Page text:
Transport Layer Security (TLS) is the successor to Secure Sockets Layer (SSL), which was originally developed by Netscape to make e-commerce transactions over the Internet safer. It uses public key (asymmetric) encryption and digital certificates to assure users that the Web servers with which they're doing business have had their identity verified (authentication) and symmetric encryption, such as DES/3DES or AES, to encrypt traffic.
The process of allowing or blocking data packets based on the contents of a "state table" that is maintained by a firewall.
A new Control Panel applet in Windows Vista that provides a centralized interface for managing synchronization tasks.
Trusted Platform Module (TPM)
A chip on the motherboard of some computers that can be used in conjunction with Vista's BitLocker feature to provide whole volume encryption.
User Account Control (UAC)
A security technology in Windows Vista that reduces exposure to attacks by running in nonadministrative mode, even when logged on with an administrative account, unless and until administrative privileges are required to perform a task. Users must give explicit permission to elevate to administrative mode and enter administrative credentials.
Windows Display Driver Model, the new graphics driver model supported by Windows Vista that's required for display of the full Aero Glass effects.
A new application built into Windows Vista that provides some of the same functionality as Outlook's calendaring feature and supports the iCalendar format. It also allows sharing and publishing of calendars.
The new personal information management (PIM) application built into Windows Vista that replaces the Windows Address Book (WAB); it's based on XML files.
A new feature in Windows Vista for migrating settings from a Windows 2000 or XP computer to a Windows Vista computer, accessed from the Accessories | System Tools menu.
An anti-spyware solution built into Windows Vista and configurable through the Control Panel applet or Security Center.
A new application included in premium editions of Vista for creating/burning DVDs.
A benchmarking tool built into Vista that analyzes various subsystems and reports on performance in comparison to other Windows Vista systems.
Windows Firewall with Advanced Security
A new feature in Windows Vista that extends the basic built-in firewall to provide for blocking of both inbound and outbound connections and configuration of separate domain, private network, and public network profiles.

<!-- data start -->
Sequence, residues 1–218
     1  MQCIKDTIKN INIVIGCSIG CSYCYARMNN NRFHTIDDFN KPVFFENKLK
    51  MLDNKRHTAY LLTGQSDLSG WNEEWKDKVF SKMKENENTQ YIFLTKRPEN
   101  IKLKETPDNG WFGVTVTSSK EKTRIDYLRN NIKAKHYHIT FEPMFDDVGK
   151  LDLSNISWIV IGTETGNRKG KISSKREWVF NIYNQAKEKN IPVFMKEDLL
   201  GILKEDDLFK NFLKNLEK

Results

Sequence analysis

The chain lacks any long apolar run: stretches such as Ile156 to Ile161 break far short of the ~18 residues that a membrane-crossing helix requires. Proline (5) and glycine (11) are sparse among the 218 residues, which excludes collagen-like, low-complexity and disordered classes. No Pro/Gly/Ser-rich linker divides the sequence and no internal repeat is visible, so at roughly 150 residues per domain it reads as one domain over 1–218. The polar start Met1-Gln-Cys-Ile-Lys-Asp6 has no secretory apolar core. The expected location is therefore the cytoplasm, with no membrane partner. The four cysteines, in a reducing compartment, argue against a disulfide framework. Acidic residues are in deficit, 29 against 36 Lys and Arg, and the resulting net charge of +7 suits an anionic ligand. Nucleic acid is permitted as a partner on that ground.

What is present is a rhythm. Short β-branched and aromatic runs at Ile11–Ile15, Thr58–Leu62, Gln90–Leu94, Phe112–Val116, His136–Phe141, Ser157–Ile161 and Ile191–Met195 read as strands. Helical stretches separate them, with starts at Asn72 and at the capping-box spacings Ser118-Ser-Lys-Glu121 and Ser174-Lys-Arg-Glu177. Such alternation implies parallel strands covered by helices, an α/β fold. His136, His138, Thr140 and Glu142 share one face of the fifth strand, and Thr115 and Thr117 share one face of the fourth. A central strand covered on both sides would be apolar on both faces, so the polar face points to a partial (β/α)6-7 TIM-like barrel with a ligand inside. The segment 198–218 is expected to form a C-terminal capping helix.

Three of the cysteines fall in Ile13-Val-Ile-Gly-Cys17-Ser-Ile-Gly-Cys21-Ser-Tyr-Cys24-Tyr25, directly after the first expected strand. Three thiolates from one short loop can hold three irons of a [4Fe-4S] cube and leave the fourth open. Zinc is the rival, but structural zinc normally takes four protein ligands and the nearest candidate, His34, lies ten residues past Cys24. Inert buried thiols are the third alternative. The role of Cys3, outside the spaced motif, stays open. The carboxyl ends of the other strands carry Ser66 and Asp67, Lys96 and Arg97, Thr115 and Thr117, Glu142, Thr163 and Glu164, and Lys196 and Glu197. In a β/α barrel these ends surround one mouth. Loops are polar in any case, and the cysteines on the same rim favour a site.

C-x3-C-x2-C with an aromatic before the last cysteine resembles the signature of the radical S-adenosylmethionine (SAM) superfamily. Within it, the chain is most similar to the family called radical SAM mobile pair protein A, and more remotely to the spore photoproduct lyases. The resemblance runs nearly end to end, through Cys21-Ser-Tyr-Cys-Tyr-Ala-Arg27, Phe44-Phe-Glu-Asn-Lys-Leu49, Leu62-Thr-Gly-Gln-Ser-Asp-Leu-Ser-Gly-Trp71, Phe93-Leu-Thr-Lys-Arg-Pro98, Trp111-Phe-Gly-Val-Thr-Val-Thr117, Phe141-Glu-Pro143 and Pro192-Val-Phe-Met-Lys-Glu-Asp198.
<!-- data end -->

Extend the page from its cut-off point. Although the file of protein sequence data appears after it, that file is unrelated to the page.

Windows Imaging Format (WIM)
A file-based disk image format supported by Windows Vista.
The e-mail client included in Windows Vista, which replaces Outlook Express and stores messages as individual files instead of in a binary database for better searching and less chance of corruption.
An application included in Windows Vista Home Premium and Ultimate editions, previously available in Media Center Edition of Windows XP, for organizing and playing music, videos, and recorded television programs. It has digital video recorder (DVR) functionality on computers that have TV tuner cards installed.
A peer-to-peer networking application built into Windows Vista for sharing desktop, programs, files, notes, and presentations among up to 10 users. It replaces Microsoft NetMeeting.
A new Control Panel applet in Windows Vista that provides a central interface for configuration information relating to mobile computers; included in Home Premium, Business, Enterprise, and Ultimate editions.
A new application in Windows Vista manages graphics and videos, imports from digital cameras, and allows for basic image editing.
Windows Preinstallation Environment (Windows P.E.) 2.0
The basis of the Vista setup process, which runs the entire setup in a graphical interface, doing away with the initial text-based portion of setup used by previous operating systems.
The programming interface for creating applications integrated into the Vista core functions, which was code named Avalon.
A new security feature in Windows Vista that protects services from being compromised by running them under more limited accounts.